5. Shifting, Globalized, Home Based, Contractor Economy
Project managers already have firsthand knowledge of the contract market economy—many teams are bringing on contract workers, and the increasing numbers of remote working and co-working arrangements has already begun to impact our approach in managing projects. Stats from Gallup show that 36% of workers earns income from gig work in some capacity. In fact, according to Arras People’s 2019 Project Management Benchmark Report, 42% of project managers are themselves freelancing, indicating this will become the norm more and more.
More than the other project management trends, the gig economy has direct, immediate results in a project manager’s work. We often find ourselves with a smaller pool of core, full-time team members, who are supported by a distributed and shifting network of freelancers.
For PMs, managing a remote team comes with a whole new set of challenges in time, people, and task management. We’re continuously trying to answer the question of how we’ll keep work flowing smoothly when our teams are in different time zones, different continents, and often committed to more projects than just ours.
6. Greater Focus On Data
Now that we can collect large amounts of data, we need to find a use for it. With that mountain of information, companies expect that it must be useful. From understanding customer needs to detailing risks, analyzing data for important insight is a key activity in almost any development project.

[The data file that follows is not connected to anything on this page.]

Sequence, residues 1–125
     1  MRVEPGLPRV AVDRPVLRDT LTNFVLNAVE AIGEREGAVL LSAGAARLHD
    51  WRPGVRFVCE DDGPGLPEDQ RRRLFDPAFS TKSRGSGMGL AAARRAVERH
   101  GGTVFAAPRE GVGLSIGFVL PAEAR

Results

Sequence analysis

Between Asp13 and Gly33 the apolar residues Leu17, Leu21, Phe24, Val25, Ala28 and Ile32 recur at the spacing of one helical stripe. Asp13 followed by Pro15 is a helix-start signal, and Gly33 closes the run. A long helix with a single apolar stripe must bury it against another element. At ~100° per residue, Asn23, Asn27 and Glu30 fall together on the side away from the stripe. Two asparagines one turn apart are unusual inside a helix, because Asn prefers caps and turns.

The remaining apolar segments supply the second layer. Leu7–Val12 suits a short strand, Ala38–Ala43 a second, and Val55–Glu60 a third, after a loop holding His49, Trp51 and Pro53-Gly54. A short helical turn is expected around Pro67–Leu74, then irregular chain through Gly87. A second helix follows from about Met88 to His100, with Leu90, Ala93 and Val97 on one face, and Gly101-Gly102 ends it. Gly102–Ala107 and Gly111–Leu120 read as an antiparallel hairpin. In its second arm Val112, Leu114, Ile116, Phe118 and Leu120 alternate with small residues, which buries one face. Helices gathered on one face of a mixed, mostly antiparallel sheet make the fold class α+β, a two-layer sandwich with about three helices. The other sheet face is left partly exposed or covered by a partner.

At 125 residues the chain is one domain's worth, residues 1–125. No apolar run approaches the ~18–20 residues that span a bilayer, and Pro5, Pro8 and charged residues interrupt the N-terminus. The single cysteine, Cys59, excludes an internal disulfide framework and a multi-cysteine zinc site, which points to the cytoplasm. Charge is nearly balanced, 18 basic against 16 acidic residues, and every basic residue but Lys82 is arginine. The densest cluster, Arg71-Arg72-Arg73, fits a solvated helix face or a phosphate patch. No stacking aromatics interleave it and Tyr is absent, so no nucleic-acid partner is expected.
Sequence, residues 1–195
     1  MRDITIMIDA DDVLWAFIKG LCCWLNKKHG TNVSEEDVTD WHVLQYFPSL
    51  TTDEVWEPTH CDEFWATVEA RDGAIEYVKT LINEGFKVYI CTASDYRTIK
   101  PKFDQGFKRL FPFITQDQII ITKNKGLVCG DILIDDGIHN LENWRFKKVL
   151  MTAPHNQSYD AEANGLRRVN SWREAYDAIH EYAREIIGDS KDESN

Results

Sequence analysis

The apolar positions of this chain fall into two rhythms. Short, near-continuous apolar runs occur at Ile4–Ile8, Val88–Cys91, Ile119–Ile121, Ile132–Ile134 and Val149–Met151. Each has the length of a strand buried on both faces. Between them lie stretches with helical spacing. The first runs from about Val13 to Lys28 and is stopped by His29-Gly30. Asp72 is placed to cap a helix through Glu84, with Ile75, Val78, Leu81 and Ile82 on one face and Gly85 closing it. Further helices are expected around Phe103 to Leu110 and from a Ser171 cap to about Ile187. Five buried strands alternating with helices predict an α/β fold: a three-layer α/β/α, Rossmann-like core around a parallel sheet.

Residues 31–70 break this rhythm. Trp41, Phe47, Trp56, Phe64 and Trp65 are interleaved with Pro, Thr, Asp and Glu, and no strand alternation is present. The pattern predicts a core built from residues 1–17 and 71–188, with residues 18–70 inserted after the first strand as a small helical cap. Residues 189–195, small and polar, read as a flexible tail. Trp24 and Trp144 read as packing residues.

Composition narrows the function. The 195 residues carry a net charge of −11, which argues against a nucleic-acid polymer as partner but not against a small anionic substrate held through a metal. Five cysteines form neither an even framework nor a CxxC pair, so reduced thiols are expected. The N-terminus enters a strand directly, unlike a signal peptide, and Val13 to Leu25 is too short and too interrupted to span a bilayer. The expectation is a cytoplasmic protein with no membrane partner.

The 2018 WEF Future of Work Report stated that by 2022, 85% of companies are either “likely” or “very likely” to expand their use of data analysis, especially big data. Big data is an important subset of data analysis, and it’s exactly what it sounds like. It involves analyzing massive data sets for insights on audiences, customer needs, and demographics.
Especially with profitability being trickier, we have to be smarter about the way we create project data, use data to estimate, and plan and forecast our projects. Yes, algorithms can help analyze some of the data, but the growing availability and importance of data.
a means that project managers will need to step into a data analysis role from time to time.
This means setting up projects strategically with a plan for collecting the right types of data, and it also means helping teams and internal stakeholders get business insights and a common understanding from the data that is collected. We have more data than ever before, so we need to become adept at making sense of the data (and the confusion!).